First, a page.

To Kill A Mockingbird – Scout is a little younger than most YA protagonists (she’s only 10), but this novel is a classic coming-of-age story. At the heart of the story is Scout’s growing realization about the world’s many injustices. That theme – the loss of childhood innocence – is found in many contemporary YA novels. The story tackles serious issues of racism and rape, but plenty of funny moments and Scout’s honest narration keep the novel from feeling too issue-driven. Recommended for fans of Catherine Gilbert Murdoch’s Dairy Queen series and The Wednesday Wars by Gary Schmidt.
Jane Eyre – If you’re a fan of darker, moodier romances, Jane Eyre is a great pick. It tells the story of Jane, orphaned, abused and neglected by the aunt and uncle who raised her and the orphanage she’s eventually sent to. When Jane turns 18, too old to stay at the orphanage, she becomes the governess for the ward of the mysterious, wild Mr. Rochester who lives in an isolated mansion at the edge of the moor. Strange happenings plague the house, but despite the house and its master’s many oddities, Jane finds herself falling in love with him. Recommended for fans of the Twlight series and other tales of star-crossed lovers.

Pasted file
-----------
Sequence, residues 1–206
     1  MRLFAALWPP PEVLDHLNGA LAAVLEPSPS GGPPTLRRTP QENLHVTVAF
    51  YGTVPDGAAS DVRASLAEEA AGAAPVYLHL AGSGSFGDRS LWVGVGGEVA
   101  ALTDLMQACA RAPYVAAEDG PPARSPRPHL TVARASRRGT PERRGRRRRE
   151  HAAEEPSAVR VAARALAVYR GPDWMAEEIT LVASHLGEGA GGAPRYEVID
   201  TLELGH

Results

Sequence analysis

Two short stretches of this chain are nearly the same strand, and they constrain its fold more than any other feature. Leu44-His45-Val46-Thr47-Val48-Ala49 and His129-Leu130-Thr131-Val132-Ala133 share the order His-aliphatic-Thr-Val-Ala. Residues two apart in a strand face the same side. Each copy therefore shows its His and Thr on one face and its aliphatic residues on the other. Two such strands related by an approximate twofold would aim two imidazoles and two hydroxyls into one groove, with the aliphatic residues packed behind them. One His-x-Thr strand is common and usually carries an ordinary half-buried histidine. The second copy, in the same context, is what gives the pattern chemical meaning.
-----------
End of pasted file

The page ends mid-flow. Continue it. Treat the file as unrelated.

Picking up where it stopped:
All Quiet on the Western Front – The spare, heart-wrenching novel tells the story of a group of teenaged German soldiers fighting on the Western Front during WWI. The novel follows their horrific experiences fighting in the war and their disillusionment with the army’s commanding officers. Like To Kill A Mockingbird, it depicts the loss of innocence, but AQOTWF is a much darker and sadder novel than TKAM, although it’s equally wonderful. Recommended for fans of The Things A Brother Knows by Dana Reinhardt and Mitali Perkins’ Bamboo People.
This is definitely not an exhaustive list of the many classics featuring teenage heroes and heroines- what are some of your favorites?
–Emily Calkins, currently reading Y: The Last Man, Vol. 1
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